THEATER TALK in THE NEWS • “Hello, We Must Be Going”

On September 17, 2017 by Theater Talk Web

THE NEW YORK TIMES – After 25 Years, the Curtain Closes on ‘Theater Talk’

PLAYBILL ONLINE – New York Theater Talk Series Ends Production After 26 Years

BROADWAY WORLD – ‘Theater Talk’ Will Go Off the Air After 26 Years

FAREWELL TO OUR ERA – Viewer Comments


On Thursday, I voted in the New York State primary and after I scanned my ballot, Brian, the poll watcher, asked me when Theater Talk was coming back in the fall. “It’s not,” I told him and I realized that I just broke the story that I had yet to share with almost anyone else.

As many already know, we left our longtime studio, CUNY TV, at the end of last season. The new Interim Executive Director there no longer felt comfortable giving our independent production a berth at CUNY TV without taking over editorial and creative control. That didn’t work for us, so we moved on.

Over the past few months, my co-Executive Producer Steve Doloff and I looked for a producing partnership elsewhere that offered us both great production services we could afford and that essential creative and editorial control. Nothing we explored fit the bill.

However, as the summer progressed, I realized that I could also step back from doing a weekly program and instead take advantage of Theater Talk Productions’ archive. We have amassed a remarkable twenty-six and a half years of conversations with theater greats and the time has come to focus on doing something more special with them beyond making them available on YouTube at

It has been my privilege to create the weekly Theater Talk for so long, including 22 years on Thirteen/WNET and 11 seasons nationally distributed by Executive Program Services in a producing partnership with CUNY TV. People tell me that the series made a difference and I like to think that is true. (Also, it was an honor to be nominated for three NY Emmys over the last four years and to win one in 2017 as the “Best Interview/Discussion Show.”)

We are grateful to all who supported us both with their funds and others with just caring so much about the program. I’d like to extend special appreciation to director/actor Stephen Ahern who made it possible for Michael Riedel and I to begin this work in the first place on public access television back in 1993.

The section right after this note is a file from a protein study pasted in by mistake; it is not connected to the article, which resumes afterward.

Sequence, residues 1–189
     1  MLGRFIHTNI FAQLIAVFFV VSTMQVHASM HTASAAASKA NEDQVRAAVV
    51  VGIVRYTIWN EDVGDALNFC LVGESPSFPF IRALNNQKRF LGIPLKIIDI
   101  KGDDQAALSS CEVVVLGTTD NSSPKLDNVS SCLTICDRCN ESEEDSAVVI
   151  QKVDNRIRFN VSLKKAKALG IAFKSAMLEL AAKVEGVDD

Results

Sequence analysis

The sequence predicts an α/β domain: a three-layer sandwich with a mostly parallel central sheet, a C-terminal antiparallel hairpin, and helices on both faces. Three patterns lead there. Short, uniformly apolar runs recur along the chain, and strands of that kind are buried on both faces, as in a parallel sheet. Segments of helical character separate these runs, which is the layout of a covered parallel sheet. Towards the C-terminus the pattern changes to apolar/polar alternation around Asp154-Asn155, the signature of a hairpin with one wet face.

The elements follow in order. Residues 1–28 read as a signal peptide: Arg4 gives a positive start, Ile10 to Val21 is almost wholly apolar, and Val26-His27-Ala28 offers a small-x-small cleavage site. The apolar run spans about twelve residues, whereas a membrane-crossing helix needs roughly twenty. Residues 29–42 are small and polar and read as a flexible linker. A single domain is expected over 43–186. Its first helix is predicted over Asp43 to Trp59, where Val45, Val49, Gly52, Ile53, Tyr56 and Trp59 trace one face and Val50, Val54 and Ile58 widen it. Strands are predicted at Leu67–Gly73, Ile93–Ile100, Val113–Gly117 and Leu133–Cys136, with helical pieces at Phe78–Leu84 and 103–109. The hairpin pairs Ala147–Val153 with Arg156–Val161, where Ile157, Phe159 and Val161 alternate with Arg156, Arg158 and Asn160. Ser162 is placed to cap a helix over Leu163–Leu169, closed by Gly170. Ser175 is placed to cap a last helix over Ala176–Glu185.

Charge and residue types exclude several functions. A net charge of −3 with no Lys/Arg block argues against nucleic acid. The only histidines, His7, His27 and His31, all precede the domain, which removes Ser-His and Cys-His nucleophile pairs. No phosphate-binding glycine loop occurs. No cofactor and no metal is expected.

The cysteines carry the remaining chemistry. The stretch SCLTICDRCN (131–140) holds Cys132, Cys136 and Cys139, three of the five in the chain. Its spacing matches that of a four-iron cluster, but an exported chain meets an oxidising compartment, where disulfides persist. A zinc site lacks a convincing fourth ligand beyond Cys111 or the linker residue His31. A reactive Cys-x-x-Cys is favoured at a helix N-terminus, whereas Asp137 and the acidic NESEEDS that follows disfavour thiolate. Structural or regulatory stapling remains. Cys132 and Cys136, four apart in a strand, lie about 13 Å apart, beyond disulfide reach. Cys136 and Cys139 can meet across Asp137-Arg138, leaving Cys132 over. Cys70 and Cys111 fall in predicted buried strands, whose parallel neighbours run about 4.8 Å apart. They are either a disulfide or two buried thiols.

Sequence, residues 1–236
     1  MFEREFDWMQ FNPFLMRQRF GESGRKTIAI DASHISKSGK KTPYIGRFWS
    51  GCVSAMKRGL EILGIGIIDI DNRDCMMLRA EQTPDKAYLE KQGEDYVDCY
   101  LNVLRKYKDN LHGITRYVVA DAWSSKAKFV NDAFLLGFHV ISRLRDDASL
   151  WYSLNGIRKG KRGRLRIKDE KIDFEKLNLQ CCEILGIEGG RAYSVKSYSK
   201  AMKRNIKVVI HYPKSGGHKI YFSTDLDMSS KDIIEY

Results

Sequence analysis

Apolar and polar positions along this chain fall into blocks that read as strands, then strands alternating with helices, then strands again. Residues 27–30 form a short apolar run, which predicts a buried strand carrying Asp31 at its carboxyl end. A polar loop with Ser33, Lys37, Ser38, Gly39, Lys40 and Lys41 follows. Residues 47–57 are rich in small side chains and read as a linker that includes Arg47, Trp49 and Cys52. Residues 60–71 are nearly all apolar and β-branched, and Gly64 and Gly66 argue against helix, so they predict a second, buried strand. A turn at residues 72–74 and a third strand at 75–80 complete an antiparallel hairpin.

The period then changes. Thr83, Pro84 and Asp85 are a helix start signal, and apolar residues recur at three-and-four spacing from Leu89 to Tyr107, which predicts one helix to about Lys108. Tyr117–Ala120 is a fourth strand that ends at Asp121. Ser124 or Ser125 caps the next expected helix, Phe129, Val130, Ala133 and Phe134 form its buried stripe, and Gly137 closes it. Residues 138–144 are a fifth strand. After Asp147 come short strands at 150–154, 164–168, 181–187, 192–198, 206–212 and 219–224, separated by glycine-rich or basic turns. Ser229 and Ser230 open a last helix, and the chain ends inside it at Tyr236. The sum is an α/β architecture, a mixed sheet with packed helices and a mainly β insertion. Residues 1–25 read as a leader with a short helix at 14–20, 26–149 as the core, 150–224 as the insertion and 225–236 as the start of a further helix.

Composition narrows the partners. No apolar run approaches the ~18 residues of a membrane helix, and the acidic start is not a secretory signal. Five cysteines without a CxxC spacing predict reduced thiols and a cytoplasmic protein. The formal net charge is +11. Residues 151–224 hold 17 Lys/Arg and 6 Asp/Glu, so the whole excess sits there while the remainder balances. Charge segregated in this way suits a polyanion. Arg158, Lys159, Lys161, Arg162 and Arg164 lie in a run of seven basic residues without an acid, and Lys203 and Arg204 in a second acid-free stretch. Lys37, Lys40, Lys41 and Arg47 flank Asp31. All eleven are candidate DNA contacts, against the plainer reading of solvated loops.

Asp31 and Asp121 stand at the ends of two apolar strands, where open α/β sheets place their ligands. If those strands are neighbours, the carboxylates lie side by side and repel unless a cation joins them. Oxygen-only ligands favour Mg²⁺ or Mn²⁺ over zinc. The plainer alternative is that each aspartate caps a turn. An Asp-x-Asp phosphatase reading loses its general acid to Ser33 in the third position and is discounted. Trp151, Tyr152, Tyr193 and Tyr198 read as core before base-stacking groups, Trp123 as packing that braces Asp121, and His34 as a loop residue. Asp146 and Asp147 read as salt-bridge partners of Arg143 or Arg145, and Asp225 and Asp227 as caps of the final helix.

My thanks also goes to all my other cohosts: Jesse Green, Elisabeth Vincentelli and Jason Zinoman of The New York Times, Michael Musto of NewNowNext, Adam Feldman of TimeOut New York, actor Julie Halston, Donna Hanover of Arts in The City, playwright/producer Warren Leight, Jan Simpson of BroadwayRadio, as well as Gordon Cox of Variety and Nancy Giles of CBS News Sunday Morning. Theater Talk succeeded because of the intelligence and wit they brought to the series all these years (as well as the glorious efforts of our production crew at CUNY TV).

Working in the theater is a labor of love. I am lucky (to quote the musical [title of show]) to have been and still be “Part of It All.”

Thank you,

PS “The Best of Theater Talk” will continue on WNET/WLIW through the last week of October.

21 Responses to “THEATER TALK in THE NEWS • “Hello, We Must Be Going””

  • Fredrica Hicks

    Please find a way to stay on the air. I love Theater Talk. I live in Chicago and I love the theater. Your show is very informative on which shows to see when either visiting NY or shows to see when they come to my town. Try hard to get a new home. I first discovered your show on PBS. I hope you can forge another alliance with PBS.


    Fredrica Hicks

  • Michael Giuseffi

    I hope that there may be a way that Theater Talk can continue, it is my weekly moment of zen, especially the season wrap up. The most fun was trying to figure out how much Elizabeth Vincentelli would hate every new production.

  • Ray Murphy

    Susan: Please, please stay on the air! Your show has always been great, but it has been so much better since you reorganized hosting duties, and brought in so many other view points! Theater Talk is at an apex and it’s just too soon to end it now!

  • Roger R Paolini

    Please, please find a way to continue “Theater Talk”! It has always been essential viewing for anyone interested in theater. I have always learned so much watching every show. And I’ve seen many shows on Broadway simply because something on your show made me need to see it. I have been proud to be a Friend of “Theater Talk” for a few years. No one does what you do. I would think that the Broadway – and all NY theater – community is up in arms. I am hopeful!

  • Steve J

    Wow, this is heartbreaking news. Your show was appointment television for me. I live in New York and relied heavily on “Theater Talk” in deciding what shows to see. You will be sorely missed.

  • James Hickey

    I am truly sorry to see you go. You, Michael Reidel and your guests and guest critics felt like family to me. There is no alternative tv or web show to bone up on broadway history, and to help me decide what to see. God bless!

  • Ruth

    I just spoke with an old friend, a theater professional, who (like myself) never missed an episode of Theater Talk. I stayed up late on Fridays, and was NEVER disappointed.
    How many fabulous plays did I see that I wouldn’t have even known about? How many times did I head to my computer to snag tickets while the program was still airing? I am so grateful for this show: Thank You SO much, Susan & cohorts.
    And (to put it politely) less than pleased with the bureaucrats who are incapable of supporting the creative process. “It works! Let’s kill it!” GRRRRRRRR

  • Craig Catelani